In May 2021, the Colombo Port City Economic Commission Bill was passed by the Sri Lankan parliament under Gotabaya Rajapaksa. Just 700 kilometers from Chennai, India, China now has complete control over the region. The bill’s opponents in Sri Lanka claimed it was an attempt to turn the country into a Chinese colony and weaken the country’s sovereignty. In addition to deeming the measure unconstitutional, Sri Lanka’s Supreme Court ruled that certain of its provisions were unenforceable. In the Colombo Port City area, China has the ability to issue its own currency.

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Why Chinese Loan Is The Major Factor

It is estimated that 47 percent of China’s loans to Sri Lanka are financed by external market borrowing. In 2007, Sri Lanka began issuing international sovereign bonds in order to access loans from the global financial markets. Sri Lanka Short-term loans with a life span of five to ten years are the most common type of market borrowing, with an interest rate of roughly 6%. The Asian Development Bank accounts for 13% of all loans to Sri Lanka. China and Japan, according to official figures, are tied for third place with 10% of the loans total.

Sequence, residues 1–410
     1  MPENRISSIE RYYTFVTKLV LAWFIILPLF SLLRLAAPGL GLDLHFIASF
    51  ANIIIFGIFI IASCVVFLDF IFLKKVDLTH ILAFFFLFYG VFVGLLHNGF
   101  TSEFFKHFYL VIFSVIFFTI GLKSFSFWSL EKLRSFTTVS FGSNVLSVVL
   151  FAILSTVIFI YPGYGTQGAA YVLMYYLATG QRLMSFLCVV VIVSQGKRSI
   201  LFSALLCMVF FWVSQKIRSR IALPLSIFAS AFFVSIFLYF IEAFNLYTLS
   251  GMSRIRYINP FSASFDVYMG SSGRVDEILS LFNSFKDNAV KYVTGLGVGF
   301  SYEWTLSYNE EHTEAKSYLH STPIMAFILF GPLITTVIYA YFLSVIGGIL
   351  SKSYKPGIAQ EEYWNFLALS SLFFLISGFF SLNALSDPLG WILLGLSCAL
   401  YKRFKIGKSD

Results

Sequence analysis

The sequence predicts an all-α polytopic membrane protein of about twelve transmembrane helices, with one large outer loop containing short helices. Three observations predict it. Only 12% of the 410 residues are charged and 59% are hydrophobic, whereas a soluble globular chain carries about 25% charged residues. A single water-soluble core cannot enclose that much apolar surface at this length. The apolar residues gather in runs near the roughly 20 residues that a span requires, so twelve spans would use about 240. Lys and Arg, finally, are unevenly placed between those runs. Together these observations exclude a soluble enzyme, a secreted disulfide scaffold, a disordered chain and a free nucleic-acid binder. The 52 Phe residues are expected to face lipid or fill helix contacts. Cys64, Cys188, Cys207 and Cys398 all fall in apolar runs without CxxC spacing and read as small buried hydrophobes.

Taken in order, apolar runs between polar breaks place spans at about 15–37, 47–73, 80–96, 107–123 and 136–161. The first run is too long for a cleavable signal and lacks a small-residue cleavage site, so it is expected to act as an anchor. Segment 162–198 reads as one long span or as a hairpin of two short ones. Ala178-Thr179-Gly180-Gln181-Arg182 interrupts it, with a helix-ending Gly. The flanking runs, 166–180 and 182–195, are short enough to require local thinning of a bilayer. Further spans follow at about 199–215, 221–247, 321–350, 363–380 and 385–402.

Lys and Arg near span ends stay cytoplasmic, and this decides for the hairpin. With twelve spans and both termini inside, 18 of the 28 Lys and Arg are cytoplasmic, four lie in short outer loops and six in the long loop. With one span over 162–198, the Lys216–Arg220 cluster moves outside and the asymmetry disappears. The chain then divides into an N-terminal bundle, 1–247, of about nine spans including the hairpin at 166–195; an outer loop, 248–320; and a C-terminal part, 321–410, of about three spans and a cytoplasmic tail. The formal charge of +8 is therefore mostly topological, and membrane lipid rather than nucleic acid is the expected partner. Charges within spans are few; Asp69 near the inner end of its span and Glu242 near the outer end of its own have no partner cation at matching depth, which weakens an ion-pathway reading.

However, a closer look reveals that Chinese loans account for a far greater percentage of Sri Lanka’s total debt. By the end of 2021, China will account for 20% of Sri Lanka’s loans, according to a report in The Diplomat. Of this 20%, 14% of it was Chinese debt stock, and 6% of it was in long-term loans.

If we use this figure to calculate Sri Lanka’s current gross external debt, we get $10.144 billion in total debt, of which $3 billion is in term loan facilities. The majority of China’s financing was disbursed after 2005, according to a declaration issued by the Sri Lankan government. From 1971 to 2004, ERD reports, “the number of loan funds collected from China was quite marginal and it dramatically rose after 2005.”

In the last 16 years, Sri Lanka has borrowed $40 billion, with China providing about a fourth of that total. China’s loans and construction of large-scale infrastructure projects in Sri Lanka have had a negative impact on the country’s economy, especially during the epidemic, which was devastating to the country.

Chinese Approach And The $25 Billion Miscalculation

The Mahinda Rajapaksa government was overconfident because of China’s easy access to Sri Lanka’s constant demands for financing and its pledge to develop large infrastructure projects to change Sri Lanka’s fate. Short-term market borrowings and ISBs were among the first types of financing sought.

Almost half of Sri Lanka’s loans now come from market borrowings, which cost $25 billion. It’s not clear how Sri Lanka was able to pay a $500 million bond obligation in January 2022. After falling behind on bond payments in May, the nation was forced to put a halt to all further debt repayments.